Coca-Cola to see less pain from looming WHO decision on aspartame – analysts

By Savyata Mishra

(Reuters) – (This June 30 story has been officially corrected to drop the reference to aspartame being removed from PepsiCo products in 2020, in paragraph 9. A PepsiCo spokesperson corrected an earlier statement from an outside company spokesperson) Coca-Cola will only see a limited impact if the world health agency classifies the artificial sweetener used in its Diet Coke, aspartame, as a possible carcinogen, thanks to its scale of production, analysts said on Friday.

Such a classification of the popular additive in July by the World Health Organization’s cancer research arm could cause consumers, food companies, retailers and restaurants to decide whether to fight back or find alternatives.

But for Coca-Cola, whose low-calorie products accounted for a third of its total volumes sold in 2022, analysts said switching to a natural sweetener could be easier than many other companies that use aspartame.

“Coca-Cola has one of the best production and distribution systems globally… who have successfully navigated plenty of hurdles in the past, like sugar taxes and reformulations associated with that,” said Charlie Higgs, an associate partner at Redburn Ltd, a consumer staples research firm.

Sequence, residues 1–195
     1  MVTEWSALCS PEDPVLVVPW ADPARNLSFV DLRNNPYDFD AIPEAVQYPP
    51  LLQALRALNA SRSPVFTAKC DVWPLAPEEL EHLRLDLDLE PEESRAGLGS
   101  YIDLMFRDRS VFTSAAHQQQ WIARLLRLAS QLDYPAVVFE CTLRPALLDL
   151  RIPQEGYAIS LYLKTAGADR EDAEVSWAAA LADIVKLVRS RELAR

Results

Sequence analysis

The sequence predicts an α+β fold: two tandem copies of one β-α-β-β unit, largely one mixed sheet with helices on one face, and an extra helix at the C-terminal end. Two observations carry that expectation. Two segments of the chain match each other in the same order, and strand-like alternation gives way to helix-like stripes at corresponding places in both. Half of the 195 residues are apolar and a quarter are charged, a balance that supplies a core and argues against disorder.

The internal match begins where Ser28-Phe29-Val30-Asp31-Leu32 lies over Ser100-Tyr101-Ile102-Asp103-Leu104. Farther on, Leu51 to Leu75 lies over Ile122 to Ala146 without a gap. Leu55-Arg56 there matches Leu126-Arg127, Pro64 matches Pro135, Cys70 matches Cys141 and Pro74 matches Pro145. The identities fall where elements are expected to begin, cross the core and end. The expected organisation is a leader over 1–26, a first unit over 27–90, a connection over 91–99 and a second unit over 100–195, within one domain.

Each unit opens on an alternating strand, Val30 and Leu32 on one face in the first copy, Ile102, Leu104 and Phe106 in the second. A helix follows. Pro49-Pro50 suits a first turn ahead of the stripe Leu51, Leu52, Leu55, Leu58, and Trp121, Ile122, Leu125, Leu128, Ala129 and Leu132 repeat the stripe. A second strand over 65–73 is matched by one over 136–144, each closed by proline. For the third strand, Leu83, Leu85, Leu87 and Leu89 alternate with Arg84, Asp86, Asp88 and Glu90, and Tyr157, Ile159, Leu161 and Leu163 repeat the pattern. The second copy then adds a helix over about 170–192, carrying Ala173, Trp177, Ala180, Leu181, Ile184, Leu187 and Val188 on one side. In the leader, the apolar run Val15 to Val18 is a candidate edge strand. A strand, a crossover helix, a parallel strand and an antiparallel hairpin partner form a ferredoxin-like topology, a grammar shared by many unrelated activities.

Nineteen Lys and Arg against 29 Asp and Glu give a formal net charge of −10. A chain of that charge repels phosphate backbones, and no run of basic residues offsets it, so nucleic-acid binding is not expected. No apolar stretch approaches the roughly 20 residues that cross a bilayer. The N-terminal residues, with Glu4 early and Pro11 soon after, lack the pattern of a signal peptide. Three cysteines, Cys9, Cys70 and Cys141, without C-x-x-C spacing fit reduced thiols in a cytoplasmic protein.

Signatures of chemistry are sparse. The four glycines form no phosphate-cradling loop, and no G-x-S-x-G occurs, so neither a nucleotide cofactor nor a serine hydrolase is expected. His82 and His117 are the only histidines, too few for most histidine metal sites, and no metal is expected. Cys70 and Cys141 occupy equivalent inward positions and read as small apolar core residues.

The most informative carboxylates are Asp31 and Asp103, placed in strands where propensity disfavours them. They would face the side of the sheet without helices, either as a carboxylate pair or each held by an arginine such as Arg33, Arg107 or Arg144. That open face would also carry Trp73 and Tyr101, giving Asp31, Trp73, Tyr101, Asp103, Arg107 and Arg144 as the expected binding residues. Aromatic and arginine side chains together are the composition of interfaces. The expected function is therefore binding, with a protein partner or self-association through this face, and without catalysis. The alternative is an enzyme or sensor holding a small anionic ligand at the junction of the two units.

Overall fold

In the past, beverage makers like Coca-Cola and PepsiCo have tweaked their ingredient composition to comply with evolving policy changes.

The companies had in 2012 altered their manufacturing process of the caramel coloring in their colas to meet the requirements of a California ballot initiative aiming to limit people’s exposure to toxic chemicals.

Market Analyst Grzegorz Drozdz at investment firm Conotoxia Ltd said the shift from aspartame could hit the short-term profitability of Coca-Cola, but does not see a steep decline in its long-term growth due to its production history.

However, PepsiCo could get an edge over its rival as it had moved away from aspartame to a blend of sucralose and acesulfame potassium earlier, CFRA Research said.

The company first replaced the additive from some U.S. diet sodas in 2015, but brought it back in some products a year later.

(Reporting by Savyata Mishra in Bengaluru; Editing by Arun Koyyur)